The “Dog Days” are the hottest, muggiest days of summer. In the northern hemisphere, they usually fall between early July and early September. The actual dates vary greatly from region to region, depending on latitude and climate. Life is so uncertain right now. But, fall is coming.
In ancient times, when the night sky was not obscured by artificial lights, the Romans used the stars to keep track of the seasons. The brightest constellation, Canis Major (Large Dog), includes the “dog star”, Sirius. In the summer, Sirius used to rise and set with the sun, leading the ancient Romans to believe that it added heat to the sun. Although the period between July 3 and August 11 is typically the warmest period of the summer, the heat is not due to the added radiation from a far-away star, regardless of its brightness. The heat of summer is a direct result of the earth’s tilt.
Spending time outdoors this time of year is uncomfortable, potentially dangerous, due to the intense heat. However, the chinch bugs are very active in St. Augustine grass (for more information: http://edis.ifas.ufl.edu/lh036), and the summer flowers need water. So, take care of those tasks early in the day and then retreat to the air conditioning to plan your fall planting.
Plant tomato plants in August for fruit in October. Varieties such as Phoenix, Florida 91, Solar Set and Heat Wave II are good selections for setting fruit in high temperatures, should summer temperatures continue. Otherwise, try some of the newer UF/IFAS recommended varieties for fall planting in North Florida such as Bella Rosa, Tribute or Finishline. For more information on tomato selection refer to: http://edis.ifas.ufl.edu/in756. For information on other vegetables for fall gardening refer to the Florida Vegetable Gardening Guide: http://edis.ifas.ufl.edu/vh021.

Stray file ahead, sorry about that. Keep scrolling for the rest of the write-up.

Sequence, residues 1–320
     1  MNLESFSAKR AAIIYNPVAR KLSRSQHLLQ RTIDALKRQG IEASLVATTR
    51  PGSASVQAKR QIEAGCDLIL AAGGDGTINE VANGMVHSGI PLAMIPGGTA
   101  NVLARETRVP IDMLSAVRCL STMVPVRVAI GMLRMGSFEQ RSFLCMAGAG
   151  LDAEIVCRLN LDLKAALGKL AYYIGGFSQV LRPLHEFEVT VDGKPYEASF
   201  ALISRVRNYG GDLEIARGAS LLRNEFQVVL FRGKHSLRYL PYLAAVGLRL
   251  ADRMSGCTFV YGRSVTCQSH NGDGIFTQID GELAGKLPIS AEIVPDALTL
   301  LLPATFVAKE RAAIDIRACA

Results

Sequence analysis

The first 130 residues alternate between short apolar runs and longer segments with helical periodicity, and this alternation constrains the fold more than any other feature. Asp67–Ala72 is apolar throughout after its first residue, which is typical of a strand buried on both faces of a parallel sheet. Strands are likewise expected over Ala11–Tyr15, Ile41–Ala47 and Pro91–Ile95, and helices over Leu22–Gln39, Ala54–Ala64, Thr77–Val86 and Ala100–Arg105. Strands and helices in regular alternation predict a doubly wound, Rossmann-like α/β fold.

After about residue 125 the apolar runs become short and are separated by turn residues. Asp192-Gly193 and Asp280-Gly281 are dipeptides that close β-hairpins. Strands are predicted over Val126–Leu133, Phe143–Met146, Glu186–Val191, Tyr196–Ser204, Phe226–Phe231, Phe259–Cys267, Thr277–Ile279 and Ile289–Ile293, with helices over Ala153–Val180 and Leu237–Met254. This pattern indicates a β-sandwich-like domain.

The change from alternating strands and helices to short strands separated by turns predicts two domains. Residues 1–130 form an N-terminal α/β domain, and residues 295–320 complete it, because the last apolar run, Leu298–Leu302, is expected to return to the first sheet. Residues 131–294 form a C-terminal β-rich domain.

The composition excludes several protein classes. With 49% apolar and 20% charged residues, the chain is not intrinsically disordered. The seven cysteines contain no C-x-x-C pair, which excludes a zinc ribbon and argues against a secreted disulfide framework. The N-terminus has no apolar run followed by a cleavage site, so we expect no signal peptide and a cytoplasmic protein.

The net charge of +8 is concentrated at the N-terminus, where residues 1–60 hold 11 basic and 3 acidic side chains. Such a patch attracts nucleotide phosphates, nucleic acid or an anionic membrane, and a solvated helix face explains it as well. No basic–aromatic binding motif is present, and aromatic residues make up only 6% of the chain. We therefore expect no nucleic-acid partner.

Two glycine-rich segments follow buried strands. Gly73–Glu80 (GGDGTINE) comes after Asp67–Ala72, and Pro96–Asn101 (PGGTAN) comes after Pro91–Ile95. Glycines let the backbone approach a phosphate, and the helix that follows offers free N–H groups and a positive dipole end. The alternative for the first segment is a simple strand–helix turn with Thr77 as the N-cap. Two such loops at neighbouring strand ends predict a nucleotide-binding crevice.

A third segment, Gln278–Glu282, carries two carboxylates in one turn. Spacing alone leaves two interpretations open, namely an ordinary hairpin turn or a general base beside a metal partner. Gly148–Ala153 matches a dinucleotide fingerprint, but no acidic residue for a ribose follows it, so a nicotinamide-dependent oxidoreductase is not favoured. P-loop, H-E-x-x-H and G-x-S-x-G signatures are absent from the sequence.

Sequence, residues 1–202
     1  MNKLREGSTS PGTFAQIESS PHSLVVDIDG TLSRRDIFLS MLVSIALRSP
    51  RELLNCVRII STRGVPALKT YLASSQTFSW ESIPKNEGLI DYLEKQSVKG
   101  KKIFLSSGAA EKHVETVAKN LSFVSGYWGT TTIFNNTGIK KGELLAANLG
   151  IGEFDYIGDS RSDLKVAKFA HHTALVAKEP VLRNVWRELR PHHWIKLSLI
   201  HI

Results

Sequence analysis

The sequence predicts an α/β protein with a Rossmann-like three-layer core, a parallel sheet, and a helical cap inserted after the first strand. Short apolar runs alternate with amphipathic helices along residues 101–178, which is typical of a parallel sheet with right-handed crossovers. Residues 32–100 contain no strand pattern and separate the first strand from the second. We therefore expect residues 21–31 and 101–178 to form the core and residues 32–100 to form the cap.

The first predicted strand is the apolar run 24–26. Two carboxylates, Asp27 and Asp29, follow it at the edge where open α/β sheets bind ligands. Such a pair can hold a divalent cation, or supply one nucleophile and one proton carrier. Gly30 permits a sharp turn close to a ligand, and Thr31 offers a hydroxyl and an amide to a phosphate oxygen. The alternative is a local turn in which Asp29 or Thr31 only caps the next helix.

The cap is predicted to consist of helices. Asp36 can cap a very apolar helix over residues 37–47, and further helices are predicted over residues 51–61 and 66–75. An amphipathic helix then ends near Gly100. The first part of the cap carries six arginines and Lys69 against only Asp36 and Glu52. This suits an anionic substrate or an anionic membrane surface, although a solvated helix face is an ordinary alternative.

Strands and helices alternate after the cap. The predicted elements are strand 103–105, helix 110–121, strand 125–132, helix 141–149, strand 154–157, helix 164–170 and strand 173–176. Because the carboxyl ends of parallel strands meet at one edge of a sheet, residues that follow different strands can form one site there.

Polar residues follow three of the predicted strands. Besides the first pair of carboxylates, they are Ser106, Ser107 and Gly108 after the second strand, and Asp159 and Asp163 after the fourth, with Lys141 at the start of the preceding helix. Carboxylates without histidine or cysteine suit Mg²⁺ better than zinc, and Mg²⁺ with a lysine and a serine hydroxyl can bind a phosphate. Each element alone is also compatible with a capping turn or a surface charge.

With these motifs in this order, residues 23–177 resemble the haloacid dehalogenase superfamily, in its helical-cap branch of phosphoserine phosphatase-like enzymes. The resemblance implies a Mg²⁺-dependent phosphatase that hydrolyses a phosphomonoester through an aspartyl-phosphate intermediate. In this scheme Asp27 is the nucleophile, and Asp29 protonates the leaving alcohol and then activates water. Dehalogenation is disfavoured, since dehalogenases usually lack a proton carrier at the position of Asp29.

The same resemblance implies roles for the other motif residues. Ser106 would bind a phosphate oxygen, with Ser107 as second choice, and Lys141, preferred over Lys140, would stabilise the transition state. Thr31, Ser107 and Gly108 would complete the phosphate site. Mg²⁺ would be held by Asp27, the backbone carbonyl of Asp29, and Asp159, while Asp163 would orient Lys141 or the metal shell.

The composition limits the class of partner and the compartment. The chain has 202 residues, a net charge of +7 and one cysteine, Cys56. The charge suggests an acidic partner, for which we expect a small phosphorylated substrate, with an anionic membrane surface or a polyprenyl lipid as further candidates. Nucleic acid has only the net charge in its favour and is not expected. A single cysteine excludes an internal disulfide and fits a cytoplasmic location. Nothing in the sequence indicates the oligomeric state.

Many bedding plants flower quickly and can add color to the fall landscape. These include pentas, African marigolds, torenia, zinnias, melampodium and scaevola. Other can be planted in October for blooms all
winter-long. Plan spaces and color themes for calendulas, pansies, snapdragons and violas. Add in ornamental cabbage or kale and some dusty miller to accent the garden. They too will perform through the cold. For more information on Annuals for the Florida Garden refer to: http://edis.ifas.ufl.edu/mg319.
Dependable fall blooming perennials include lion’s ear (Leonotis leonurus), pineapple sage (Salvia elegans), firebush (Hamelia patens), cigar plant (Cuphea micropetala), yellowbells (Tecoma stans) and firespike
(Odontonema strictum). Also, garden mums (Chrysanthemum sp.) and many different Irises will add color again in the spring. To gain information on perennials for Florida refer to: http://edis.ifas.ufl.edu/mg035.
Webster’s second definition of “dog days” is a period of stagnation or inactivity. But, even when the heat forces you to slow down on the labor-intensive work, there is plenty of gardening “activity” to do. Stay in the air conditioning and plan that spectacular fall and winter yard.